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Human embryonic stem cell-derived test systems for developmental neurotoxicity: a transcriptomics approach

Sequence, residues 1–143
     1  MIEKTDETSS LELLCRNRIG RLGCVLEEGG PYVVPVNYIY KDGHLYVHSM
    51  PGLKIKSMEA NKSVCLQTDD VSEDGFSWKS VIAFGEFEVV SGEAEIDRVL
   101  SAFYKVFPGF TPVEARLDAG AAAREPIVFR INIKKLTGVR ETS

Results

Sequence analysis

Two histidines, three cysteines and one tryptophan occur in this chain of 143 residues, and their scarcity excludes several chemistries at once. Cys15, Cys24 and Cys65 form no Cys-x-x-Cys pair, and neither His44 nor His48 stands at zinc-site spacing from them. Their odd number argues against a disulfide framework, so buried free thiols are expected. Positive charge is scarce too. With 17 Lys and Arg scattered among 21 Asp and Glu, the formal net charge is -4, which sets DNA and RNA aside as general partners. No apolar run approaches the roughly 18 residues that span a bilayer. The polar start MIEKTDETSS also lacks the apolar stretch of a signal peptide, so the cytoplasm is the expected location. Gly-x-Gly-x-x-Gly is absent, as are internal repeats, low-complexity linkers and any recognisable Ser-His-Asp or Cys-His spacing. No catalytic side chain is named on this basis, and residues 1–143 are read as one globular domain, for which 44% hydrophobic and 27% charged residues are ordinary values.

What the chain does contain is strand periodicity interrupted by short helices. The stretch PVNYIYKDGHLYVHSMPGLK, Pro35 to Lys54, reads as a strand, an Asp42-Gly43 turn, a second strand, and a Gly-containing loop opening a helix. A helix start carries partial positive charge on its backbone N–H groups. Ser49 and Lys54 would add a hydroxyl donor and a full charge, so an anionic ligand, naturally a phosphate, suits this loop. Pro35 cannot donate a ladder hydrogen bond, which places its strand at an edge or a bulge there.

Despite of its high relevance developmental neurotoxicity (DNT) is one of the least studied forms of toxicity. It is also particularly difficult to analyse, because DNT can be induced by numerous toxic pathways which do not necessarily include cell killing. To bridge this gap we have established five human embryonic stem cell (hESC) based test systems that recapitulate in vitro early neuronal development, including neurulation, patterning, neurogenesis and gliogenesis with in vivo like waves of gene expression. Using the DNT positive control compounds valproic acid (VPA) and methyl mercury (MeHg) we exposed the test systems at the EC10 and at lower concentrations to address the following fundamental questions: 1) Does gene array analysis of the test systems allow differentiation between both DNT compounds? If yes, 2) how large is the overlap between the available ESC based test systems and does analysis of enriched transcription factor binding sites (TFBS) offer advantages over analysis of individual probesets? 3) How can batch effects be controlled? 4) How many independent experiments and how many chips are needed? 4) At which concentrations should gene array analyses be performed? We report that VPA and MeHg clearly induce different gene expression patterns. A much higher number of probesets was deregulated after exposure to the EC10 of VPA (12,996 probesets) compared to MeHg (420 probesets) using the FDR adjusted LIMMA F-test. Relatively little overlap of usually less than 20% was observed between the deregulated probesets in different cell systems, even if all were derived from H9 hESC. However, using TFBS enrichment a relatively large ‘common TF response’ with transcription factors involved into the response to VPA and MeHg could be differentiated from ‘compound specific’ enriched TFs. Matched solvent controls must be integrated into each individual experiment to control for batch effects. To further reduce the influence of batch effects the analysis can be reduced to the 500 probesets with highest variability. Permutation analyses of the results of five independent experiments demonstrates that the number of significant probesets increases with the number of experiments, but if the analysis is restricted to probesets with at least 2-fold alterations also four independent analyses seem to be sufficient for identification of the key genes [besser weglassen?]. The EC10 seems to be an adequate concentration for this type of gene array analysis. In conclusion, the novel ESNATS cell systems offer a basis for the establishment of transcriptomic classification algorithms of DNT.